Skids can happen in all conditions, depending on how safely or dangerously a driver is driving. Overbraking, over-accelerating, and sharp turns can cause a skid on any road surface, from dry to snowy roads.
Motor vehicle skidding is definitely more likely to happen on a wet, frosty, or snowy road surface. This is because it’s more challenging for tires to keep traction and grip on a slippery surface. Winter tires, on the other hand, may be perfect for staying safe in a wet road condition.
3. What is the Difference Between a Front Wheel Skid and a Rear Wheel Skid?
There are two main types of skids:
- Front wheel skid: this type of skid happens when the vehicle’s entire body starts to slide in a direction unintended by the driver. A front wheel skid typically occurs when entering or driving around curves too quickly.
- Rear wheel skid: rear wheel drive skids are far more common than front wheel skids. This happens when the vehicle’s rear wheels lose traction, and the back end starts to slide either left or right. This is also known as fishtailing, which is especially dangerous on a wet or snowy road.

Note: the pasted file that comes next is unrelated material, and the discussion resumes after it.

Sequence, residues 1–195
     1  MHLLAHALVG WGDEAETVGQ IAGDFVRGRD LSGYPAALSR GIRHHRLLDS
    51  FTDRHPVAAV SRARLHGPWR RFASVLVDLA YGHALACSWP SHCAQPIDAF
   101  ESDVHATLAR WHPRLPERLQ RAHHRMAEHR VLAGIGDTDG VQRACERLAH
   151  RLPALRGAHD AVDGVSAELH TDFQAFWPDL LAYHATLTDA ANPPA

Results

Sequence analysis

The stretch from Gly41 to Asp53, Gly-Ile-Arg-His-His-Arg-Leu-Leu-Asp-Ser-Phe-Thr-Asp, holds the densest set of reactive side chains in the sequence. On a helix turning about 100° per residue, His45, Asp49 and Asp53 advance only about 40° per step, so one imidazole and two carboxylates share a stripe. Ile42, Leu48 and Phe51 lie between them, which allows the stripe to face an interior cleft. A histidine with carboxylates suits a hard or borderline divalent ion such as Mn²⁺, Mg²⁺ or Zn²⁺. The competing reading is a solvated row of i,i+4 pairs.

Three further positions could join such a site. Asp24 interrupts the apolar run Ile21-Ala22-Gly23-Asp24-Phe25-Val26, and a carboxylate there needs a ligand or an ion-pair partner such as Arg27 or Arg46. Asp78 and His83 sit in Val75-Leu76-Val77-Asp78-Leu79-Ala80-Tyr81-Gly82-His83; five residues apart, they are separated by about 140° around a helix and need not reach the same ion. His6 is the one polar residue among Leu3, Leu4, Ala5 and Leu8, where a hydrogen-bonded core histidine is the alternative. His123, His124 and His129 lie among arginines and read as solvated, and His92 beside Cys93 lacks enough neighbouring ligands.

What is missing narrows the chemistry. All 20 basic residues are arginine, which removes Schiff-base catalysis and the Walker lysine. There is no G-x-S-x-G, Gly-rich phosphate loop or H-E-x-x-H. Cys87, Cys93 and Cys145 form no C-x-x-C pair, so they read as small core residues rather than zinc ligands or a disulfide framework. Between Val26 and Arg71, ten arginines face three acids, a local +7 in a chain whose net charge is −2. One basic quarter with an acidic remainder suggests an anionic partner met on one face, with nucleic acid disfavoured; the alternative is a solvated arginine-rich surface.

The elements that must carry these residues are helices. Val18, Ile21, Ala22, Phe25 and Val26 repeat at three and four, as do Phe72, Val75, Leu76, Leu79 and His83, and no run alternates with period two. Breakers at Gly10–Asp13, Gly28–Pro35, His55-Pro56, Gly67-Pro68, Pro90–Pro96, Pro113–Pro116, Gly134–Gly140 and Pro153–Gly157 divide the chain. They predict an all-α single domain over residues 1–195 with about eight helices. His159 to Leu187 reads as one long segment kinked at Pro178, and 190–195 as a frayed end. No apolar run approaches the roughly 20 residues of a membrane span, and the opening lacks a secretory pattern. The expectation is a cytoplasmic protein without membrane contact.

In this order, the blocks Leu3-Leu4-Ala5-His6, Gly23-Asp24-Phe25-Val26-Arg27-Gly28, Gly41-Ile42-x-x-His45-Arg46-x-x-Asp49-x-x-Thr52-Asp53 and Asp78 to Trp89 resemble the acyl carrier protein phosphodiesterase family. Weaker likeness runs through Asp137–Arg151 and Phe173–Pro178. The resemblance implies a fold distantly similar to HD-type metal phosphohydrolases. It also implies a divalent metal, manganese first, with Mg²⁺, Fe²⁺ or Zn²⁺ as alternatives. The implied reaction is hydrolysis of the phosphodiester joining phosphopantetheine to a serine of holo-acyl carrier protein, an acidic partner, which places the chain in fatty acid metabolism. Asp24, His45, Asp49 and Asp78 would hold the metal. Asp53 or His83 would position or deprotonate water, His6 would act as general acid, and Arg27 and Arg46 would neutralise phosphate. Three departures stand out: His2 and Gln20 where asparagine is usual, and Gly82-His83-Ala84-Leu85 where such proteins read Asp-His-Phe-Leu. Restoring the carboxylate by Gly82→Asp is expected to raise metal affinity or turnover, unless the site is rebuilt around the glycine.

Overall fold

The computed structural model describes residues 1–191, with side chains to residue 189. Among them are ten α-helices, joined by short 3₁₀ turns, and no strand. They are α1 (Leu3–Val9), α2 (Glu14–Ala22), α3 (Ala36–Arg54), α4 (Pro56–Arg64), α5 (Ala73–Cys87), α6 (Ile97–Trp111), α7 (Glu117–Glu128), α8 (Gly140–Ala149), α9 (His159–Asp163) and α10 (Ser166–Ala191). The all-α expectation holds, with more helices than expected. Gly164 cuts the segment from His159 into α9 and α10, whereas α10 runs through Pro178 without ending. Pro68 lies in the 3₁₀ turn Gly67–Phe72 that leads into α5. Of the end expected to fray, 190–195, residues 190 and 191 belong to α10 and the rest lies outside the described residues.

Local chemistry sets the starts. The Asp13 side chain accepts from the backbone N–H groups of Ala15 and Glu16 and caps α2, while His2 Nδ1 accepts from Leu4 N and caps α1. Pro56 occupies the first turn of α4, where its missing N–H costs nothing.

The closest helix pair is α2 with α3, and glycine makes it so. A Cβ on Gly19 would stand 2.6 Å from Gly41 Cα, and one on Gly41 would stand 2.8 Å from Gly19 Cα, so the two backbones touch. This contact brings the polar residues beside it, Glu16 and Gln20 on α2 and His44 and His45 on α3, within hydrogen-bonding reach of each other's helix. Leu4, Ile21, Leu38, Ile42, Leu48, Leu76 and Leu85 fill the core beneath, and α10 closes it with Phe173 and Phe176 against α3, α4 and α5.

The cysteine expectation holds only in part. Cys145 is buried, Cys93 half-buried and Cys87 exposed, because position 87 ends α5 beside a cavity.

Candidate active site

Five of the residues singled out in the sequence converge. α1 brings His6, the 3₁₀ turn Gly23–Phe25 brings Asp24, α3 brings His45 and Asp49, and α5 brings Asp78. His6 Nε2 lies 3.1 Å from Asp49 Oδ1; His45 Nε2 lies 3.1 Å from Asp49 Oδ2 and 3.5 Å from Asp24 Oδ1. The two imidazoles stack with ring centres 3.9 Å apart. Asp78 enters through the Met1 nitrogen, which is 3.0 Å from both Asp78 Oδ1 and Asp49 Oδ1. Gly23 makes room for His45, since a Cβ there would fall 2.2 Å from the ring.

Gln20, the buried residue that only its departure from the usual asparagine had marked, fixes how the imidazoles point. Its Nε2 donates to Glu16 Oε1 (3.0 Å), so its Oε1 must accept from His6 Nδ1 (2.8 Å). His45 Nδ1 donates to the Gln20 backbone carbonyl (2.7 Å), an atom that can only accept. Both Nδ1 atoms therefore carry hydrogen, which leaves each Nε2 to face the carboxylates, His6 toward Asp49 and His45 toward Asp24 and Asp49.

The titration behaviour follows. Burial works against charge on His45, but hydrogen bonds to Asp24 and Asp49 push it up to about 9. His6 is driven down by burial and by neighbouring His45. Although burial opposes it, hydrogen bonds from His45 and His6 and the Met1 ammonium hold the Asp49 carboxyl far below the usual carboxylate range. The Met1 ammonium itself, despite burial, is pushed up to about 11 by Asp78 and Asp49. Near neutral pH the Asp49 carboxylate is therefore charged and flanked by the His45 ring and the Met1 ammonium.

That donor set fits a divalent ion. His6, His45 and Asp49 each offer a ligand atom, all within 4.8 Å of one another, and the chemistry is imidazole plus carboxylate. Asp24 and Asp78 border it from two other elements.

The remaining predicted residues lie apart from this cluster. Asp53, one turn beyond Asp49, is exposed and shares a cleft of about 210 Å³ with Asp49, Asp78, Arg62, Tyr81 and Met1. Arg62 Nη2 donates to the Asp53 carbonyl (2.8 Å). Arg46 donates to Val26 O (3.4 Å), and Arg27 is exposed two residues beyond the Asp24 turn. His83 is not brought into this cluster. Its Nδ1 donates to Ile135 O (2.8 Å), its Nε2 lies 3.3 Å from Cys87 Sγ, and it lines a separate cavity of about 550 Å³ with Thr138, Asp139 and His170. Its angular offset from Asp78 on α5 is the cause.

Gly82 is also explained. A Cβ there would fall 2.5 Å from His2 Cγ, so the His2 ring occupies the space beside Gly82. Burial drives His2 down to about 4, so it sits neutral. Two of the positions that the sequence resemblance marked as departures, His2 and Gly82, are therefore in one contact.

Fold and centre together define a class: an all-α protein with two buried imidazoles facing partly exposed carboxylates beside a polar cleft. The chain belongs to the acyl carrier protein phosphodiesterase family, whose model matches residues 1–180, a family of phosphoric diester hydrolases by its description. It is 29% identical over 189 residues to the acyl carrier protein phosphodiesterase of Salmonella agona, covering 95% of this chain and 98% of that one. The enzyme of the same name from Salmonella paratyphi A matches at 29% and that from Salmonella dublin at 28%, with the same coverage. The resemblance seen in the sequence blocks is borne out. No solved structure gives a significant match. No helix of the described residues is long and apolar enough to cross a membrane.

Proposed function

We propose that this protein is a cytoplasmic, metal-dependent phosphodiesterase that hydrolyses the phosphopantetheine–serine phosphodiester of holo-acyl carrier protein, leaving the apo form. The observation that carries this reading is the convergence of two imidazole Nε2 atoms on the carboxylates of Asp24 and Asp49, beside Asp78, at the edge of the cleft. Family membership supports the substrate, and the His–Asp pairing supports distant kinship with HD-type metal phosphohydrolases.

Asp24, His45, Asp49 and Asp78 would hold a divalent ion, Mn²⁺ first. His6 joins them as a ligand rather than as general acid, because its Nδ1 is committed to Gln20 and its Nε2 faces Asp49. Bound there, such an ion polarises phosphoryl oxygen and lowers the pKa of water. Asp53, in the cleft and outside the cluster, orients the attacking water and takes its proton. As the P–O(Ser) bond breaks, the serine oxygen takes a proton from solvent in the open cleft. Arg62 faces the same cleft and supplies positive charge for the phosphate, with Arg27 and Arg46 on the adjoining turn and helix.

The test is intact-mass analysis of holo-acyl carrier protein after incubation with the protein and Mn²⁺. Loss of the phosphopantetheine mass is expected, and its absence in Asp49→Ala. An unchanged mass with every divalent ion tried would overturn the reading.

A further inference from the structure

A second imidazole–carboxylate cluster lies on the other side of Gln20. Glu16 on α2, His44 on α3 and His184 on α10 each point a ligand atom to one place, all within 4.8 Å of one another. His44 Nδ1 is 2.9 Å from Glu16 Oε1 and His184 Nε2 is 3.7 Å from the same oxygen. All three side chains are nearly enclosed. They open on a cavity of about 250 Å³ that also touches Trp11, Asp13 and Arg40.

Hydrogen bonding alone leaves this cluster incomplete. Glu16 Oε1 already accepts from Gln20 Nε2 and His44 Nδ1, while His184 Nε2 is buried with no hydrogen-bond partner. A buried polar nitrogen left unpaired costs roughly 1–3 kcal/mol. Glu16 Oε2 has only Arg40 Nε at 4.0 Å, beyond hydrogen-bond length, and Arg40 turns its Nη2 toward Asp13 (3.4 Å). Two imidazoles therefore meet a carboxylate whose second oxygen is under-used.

Skids are less likely if your vehicle has an anti lock braking system. Also, get a mechanic to check on your tires and wheel alignment to ensure they’re in top condition.
If you notice your motor vehicle starting to skid, the best thing you can do is remove your foot from the gas pedal and steer into the slide. To be extra safe, always be sure to have adequate tire tread and drive slowly in slippery road conditions during winter or when surrounded by traffic.
To ensure your car is ready for winter driving or if you need help after a vehicle skid, call a mobile mechanic.
AutoNation Mobile Service is a mobile vehicle and maintenance service that makes the repair and maintenance of your car super convenient. Our expert technicians are available 7 days a week, and we offer a 12-month | 12,000-mile warranty on all repairs.
Contact us today for all of your vehicle needs!